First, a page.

A DPRK general criticized the US at the Ninth Beijing Xiangshan Forum in Beijing on Monday, saying that US hostility was the key reason peace talks have become deadlocked again, prompting Chinese and ROK experts to note the process needed more international participation.
Colonel General Kim Hyong-ryong, vice minister of the Ministry of People's Armed Forces of DPRK, said at a forum plenary session on "Security Risk Management in the Asia-Pacific" on Monday that DPRK has made efforts to ensure peace on the peninsula and has fought against aggressive forces to guarantee its territorial integrity.
DPRK has a strong will and has constantly taken positive measures to make contributions to the world, such as its contributions to the inter-Korean summit, the Panmunjom Declaration and the military agreement between the two Koreas, Kim said.
Kim said that these efforts have eased the serious situation on the peninsula and made it move toward reconciliation, but due to the hostile policy of the US toward DPRK, the situation on the Korean Peninsula cannot be consolidated and instead has been trapped in a vicious cycle and standstill.
At the same time, the historical North-South joint declaration was not well implemented and fell into a stalemate because of South Korea's attack weapons and the joint military exercises of South Korea and the US, said Kim Hyong-ryong, adding that these ill military purposes run counter to the DPRK-US declaration and the Panmunjom Declaration.
Wang Junsheng, a research fellow of East Asian studies at the Chinese Academy of Social Sciences in Beijing, told the Global Times on Monday that "after DPRK stopped launching missiles and nuclear tests in 2018, the US actually has no reason to conduct further military drills with South Korea and deploy more attack weapons in the region, because this could only release a hostile signal to DPRK and even push it to step back from the way of denuclearization."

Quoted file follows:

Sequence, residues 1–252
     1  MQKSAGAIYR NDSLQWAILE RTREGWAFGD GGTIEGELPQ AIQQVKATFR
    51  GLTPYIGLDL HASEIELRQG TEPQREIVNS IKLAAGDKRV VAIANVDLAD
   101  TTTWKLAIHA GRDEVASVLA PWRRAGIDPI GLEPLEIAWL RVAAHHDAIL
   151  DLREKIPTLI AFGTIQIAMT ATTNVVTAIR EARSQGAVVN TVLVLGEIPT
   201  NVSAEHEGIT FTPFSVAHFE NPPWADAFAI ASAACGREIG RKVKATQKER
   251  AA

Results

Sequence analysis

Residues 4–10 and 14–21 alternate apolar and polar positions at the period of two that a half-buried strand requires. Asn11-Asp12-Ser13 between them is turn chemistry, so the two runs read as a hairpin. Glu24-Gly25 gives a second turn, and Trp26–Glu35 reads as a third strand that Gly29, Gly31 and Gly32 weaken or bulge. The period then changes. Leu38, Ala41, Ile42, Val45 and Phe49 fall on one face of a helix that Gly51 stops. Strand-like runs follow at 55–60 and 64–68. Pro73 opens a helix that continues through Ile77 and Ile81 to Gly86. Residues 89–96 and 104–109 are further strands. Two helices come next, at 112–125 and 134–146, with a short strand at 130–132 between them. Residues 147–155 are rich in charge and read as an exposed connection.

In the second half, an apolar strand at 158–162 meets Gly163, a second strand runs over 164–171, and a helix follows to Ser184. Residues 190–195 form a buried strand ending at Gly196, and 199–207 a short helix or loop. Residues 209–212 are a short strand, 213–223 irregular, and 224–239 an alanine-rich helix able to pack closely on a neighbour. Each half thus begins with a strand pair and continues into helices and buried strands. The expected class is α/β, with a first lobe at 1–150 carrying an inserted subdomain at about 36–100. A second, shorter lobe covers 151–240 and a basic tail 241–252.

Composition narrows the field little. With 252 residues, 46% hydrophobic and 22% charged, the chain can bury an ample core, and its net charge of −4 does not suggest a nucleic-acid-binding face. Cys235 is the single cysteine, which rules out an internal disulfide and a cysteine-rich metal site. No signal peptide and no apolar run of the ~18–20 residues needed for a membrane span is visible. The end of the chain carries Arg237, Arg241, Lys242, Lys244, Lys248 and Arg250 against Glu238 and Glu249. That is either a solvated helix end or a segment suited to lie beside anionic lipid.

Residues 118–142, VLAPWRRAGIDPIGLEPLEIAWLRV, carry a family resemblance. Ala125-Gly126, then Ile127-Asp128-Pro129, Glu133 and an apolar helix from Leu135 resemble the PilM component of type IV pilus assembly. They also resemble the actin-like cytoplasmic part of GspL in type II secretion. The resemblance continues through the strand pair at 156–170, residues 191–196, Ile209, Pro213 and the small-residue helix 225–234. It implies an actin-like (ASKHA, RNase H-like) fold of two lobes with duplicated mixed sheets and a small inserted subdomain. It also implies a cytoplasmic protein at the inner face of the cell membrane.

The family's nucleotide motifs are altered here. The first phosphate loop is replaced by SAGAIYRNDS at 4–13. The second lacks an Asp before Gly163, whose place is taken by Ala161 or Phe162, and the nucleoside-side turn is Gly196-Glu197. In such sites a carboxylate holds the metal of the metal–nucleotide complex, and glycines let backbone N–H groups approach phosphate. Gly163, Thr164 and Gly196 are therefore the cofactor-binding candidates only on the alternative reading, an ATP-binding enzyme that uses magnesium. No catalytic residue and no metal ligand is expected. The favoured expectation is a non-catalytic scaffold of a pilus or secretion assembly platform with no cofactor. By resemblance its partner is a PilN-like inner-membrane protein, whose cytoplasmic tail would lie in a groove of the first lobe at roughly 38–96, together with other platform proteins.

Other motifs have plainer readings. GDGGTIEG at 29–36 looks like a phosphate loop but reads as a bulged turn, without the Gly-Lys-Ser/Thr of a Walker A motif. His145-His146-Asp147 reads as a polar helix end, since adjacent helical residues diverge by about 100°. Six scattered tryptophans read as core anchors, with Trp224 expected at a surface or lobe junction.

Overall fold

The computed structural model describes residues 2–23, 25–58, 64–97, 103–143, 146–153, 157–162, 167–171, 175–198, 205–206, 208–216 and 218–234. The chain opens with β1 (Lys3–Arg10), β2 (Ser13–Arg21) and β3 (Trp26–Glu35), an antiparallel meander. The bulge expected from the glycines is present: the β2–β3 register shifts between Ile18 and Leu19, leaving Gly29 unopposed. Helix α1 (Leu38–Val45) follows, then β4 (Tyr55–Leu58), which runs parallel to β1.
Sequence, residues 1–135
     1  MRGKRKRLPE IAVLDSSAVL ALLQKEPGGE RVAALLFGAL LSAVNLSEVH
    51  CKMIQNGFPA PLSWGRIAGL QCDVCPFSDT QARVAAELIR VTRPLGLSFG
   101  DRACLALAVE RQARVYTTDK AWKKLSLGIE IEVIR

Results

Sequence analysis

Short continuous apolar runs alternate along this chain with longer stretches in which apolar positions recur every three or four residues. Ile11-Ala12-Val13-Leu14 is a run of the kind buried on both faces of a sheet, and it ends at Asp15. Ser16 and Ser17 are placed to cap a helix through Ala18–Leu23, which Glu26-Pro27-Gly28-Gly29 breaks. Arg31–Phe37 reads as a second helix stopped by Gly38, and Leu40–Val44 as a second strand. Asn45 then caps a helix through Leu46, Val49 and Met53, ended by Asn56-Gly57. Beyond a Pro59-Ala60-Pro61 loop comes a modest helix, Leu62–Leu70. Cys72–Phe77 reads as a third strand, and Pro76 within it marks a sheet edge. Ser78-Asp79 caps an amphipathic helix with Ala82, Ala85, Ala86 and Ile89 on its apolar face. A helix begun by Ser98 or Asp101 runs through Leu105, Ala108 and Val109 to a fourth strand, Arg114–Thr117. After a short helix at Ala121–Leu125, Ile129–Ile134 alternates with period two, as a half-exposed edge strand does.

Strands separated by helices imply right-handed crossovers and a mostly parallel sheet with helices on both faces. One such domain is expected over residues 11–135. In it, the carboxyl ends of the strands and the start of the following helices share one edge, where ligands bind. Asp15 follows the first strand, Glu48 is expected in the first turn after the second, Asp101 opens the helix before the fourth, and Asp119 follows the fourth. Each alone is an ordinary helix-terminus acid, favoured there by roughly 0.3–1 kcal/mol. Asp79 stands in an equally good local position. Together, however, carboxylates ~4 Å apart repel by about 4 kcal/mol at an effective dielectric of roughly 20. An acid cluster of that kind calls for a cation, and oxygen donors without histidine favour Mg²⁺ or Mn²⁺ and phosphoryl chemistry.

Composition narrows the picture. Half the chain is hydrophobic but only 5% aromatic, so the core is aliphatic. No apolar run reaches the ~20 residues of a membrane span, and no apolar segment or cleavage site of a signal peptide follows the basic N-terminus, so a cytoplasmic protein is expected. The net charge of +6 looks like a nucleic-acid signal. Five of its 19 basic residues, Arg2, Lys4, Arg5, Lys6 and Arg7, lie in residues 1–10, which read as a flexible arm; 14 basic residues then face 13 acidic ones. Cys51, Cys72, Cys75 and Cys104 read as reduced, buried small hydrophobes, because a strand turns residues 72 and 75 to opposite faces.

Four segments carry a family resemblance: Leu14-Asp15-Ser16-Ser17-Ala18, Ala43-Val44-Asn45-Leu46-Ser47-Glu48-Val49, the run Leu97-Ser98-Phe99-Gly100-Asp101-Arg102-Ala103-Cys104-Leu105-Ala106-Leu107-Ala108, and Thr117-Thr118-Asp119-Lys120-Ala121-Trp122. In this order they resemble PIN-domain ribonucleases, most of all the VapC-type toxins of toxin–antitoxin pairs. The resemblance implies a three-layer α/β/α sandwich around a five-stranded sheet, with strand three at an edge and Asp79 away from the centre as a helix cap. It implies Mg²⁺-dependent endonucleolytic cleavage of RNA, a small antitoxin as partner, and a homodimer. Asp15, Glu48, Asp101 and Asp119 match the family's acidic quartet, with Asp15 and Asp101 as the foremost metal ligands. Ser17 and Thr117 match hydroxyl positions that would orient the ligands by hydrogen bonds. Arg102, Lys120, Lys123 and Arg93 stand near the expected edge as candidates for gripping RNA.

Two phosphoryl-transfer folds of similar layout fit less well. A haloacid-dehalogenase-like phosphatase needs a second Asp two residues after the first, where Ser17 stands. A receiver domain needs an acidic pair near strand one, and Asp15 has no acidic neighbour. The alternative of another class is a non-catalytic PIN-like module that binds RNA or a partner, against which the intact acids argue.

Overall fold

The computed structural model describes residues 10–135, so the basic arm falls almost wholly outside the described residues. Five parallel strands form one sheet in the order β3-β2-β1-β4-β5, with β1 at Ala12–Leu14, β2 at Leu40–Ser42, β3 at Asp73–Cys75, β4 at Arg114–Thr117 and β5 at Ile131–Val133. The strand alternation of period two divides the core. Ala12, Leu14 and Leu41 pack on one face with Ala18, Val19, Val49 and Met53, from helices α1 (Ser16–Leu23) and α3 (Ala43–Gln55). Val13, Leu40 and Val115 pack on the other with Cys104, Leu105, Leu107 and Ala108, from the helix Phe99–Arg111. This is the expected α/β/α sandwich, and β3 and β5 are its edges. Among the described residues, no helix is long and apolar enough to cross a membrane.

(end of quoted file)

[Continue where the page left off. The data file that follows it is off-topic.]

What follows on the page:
There were also no signs of optimism for negotiations between DPRK and the US since the handshake between Kim Jong-un and US President Donald Trump at Panmunjom in June.
The working-level nuclear talks in Stockholm, Sweden between officials from Pyongyang and Washington were broken off on October 5, dashing prospects for an end to months of stalemate, Reuters reported.
Breaking the deadlock cannot only rely on DPRK and the US since they have really low mutual trust, Wang noted.
Kim Heung-kyu, professor and director of the political science department at Ajou University in South Korea, who also attended the forum, told the Global Times that he hoped China would make much more detailed suggestions for the peninsula issue.
For the US part, Wang said, "The US should ask itself, to what extent it wants to realize peninsula denuclearization and peace process? We know that many US weapon deployments in the region since the Cold War are not just targeting DPRK but serving its strategic goal for great-power competition," by which he meant targeting China and Russia.